LIMA, Peru (CNS) — The Ecuadorian bishops’ conference has called for “calm and the unity” amid recent violence and a political crisis in the Andean country. “Ecuador does not deserve and cannot accept this situation,” the bishops said. “The time has come to show that we love the country, that we are and feel ourselves to be brothers and sisters, and that we cannot resign ourselves to disappearing as a country and becoming easy prey for power and bad politics,” the bishops said in a statement released March 8. The bishops called on the courts to “save democracy and the stability of the country’s institutions.” Police and fired opposition legislators scuffled as the legislators forced their way into Congress March 13, one lawmaker was injured in the clash. In a similar conflict March 8, at least one legislator and one protester were injured. The recent political crisis stemmed from President Rafael Correa’s campaign pledge to rewrite the country’s constitution. A referendum on whether to call a constitutional assembly was scheduled for April 15, but Correa and Congress sent the Supreme Electoral Court different proposals for the referendum. When the court sided with the president’s referendum, 57 opposition members of Congress tried to start impeachment proceedings against four of the court’s seven members. The court in turn dismissed the legislators. The country’s constitutional court may now rule on the issue, but Correa, who took office in January, said the referendum and assembly were on an irreversible course.
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Catholic educators told school choice is becoming less partisan issue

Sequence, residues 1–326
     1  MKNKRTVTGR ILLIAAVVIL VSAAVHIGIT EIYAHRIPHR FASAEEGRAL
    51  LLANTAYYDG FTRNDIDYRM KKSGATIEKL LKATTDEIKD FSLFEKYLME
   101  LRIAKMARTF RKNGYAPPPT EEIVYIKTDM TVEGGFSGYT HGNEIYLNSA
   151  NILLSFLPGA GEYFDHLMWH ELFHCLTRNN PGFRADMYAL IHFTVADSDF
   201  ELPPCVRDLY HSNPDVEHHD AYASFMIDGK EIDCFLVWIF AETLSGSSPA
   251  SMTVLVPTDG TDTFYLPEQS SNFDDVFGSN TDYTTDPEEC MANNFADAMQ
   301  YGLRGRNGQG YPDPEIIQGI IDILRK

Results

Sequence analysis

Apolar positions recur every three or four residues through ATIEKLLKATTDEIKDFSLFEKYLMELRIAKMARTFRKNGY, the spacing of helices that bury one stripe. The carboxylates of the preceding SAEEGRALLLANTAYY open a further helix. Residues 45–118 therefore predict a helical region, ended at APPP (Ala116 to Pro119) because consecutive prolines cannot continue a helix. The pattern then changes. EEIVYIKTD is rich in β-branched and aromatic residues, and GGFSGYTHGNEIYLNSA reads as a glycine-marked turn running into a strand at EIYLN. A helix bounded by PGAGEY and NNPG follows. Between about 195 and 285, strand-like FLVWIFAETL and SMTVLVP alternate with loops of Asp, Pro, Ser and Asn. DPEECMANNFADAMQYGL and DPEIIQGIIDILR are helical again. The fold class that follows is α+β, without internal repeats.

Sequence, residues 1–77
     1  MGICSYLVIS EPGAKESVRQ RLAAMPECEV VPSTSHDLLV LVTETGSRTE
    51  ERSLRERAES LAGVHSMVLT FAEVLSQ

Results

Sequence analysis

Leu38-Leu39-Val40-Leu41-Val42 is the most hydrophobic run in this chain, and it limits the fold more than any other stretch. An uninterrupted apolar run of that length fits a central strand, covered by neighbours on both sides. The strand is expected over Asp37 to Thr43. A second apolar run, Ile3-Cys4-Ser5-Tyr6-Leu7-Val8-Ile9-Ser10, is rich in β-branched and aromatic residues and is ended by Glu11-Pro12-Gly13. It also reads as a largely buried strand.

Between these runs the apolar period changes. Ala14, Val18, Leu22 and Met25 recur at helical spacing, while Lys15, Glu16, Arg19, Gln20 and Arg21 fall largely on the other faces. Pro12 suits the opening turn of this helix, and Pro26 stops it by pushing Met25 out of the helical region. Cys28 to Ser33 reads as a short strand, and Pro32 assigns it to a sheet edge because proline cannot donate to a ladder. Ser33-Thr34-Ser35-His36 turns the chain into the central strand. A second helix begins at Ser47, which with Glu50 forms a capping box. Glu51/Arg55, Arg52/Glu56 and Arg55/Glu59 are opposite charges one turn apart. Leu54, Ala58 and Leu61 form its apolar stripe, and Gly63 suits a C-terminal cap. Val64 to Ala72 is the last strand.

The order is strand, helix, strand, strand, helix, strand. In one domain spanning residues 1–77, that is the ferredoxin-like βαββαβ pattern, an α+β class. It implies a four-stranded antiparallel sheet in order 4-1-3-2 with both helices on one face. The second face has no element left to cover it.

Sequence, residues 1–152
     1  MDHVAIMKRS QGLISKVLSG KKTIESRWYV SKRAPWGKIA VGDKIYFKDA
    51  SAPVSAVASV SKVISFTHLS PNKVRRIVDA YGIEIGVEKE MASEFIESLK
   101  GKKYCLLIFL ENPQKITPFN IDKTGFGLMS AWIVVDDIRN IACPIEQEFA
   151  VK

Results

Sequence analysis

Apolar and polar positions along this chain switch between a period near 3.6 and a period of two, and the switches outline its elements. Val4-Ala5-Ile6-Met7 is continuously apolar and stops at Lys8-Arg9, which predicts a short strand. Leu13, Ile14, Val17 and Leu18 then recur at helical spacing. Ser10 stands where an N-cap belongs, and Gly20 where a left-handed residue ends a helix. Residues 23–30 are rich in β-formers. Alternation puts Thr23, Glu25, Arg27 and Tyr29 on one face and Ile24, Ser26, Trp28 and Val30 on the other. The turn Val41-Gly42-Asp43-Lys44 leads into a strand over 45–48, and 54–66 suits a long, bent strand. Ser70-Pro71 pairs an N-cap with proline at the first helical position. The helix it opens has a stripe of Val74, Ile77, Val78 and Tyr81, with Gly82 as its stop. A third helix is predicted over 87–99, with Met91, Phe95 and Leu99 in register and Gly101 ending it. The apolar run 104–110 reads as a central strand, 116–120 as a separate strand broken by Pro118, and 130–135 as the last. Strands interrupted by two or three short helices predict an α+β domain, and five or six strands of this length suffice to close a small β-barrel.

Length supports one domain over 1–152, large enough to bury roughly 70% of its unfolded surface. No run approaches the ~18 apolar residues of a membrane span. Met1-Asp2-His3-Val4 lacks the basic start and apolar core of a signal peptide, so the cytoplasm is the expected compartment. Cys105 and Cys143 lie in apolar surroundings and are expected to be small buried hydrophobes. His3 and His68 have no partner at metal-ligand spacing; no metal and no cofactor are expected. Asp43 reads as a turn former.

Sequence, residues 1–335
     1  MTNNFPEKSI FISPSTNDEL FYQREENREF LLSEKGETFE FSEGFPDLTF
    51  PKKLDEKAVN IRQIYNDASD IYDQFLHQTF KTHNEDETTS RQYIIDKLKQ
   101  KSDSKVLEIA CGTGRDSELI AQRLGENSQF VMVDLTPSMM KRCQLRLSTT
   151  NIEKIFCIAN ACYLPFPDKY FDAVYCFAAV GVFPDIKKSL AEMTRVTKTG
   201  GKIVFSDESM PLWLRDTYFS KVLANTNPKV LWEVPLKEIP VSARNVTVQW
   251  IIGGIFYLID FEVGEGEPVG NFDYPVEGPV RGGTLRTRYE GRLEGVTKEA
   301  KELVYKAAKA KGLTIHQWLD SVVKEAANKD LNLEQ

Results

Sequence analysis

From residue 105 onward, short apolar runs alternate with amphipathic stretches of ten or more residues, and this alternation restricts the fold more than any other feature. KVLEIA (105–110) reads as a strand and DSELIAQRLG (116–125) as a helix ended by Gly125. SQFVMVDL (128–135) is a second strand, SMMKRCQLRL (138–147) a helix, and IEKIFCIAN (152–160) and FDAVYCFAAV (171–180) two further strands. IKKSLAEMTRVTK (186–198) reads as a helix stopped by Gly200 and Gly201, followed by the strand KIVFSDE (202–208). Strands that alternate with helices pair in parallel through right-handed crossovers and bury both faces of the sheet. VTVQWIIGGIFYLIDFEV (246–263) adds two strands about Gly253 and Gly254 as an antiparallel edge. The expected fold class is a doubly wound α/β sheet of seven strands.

WASHINGTON (CNS) — “School choice is becoming less and less a partisan issue,” Morgan Brown, an assistant deputy secretary of the U.S. Department of Education, told a group of Catholic education leaders gathered in Washington for congressional advocacy days. The Bush administration “is the most pro-school-choice administration we’ve ever had at the federal level,” said Brown, who heads the Education Department’s Office of Innovation and Improvement. About 70 educators from more than 20 states came to Washington March 11-13 to discuss current federal legislative issues that may affect Catholic education and to lobby members of Congress on behalf of measures that would provide more equal participation of private school students and teachers in federal programs. “Much of the real action on school choice is in the states,” Brown acknowledged. But he said the federal government can “create incentives” for states to improve school choice possibilities by providing “seed money” in the way of programs that include participation by those in private schools. The federal government can also serve as a “bully pulpit” to make the case to the American public that parents should have a choice in what schools their children attend, he said.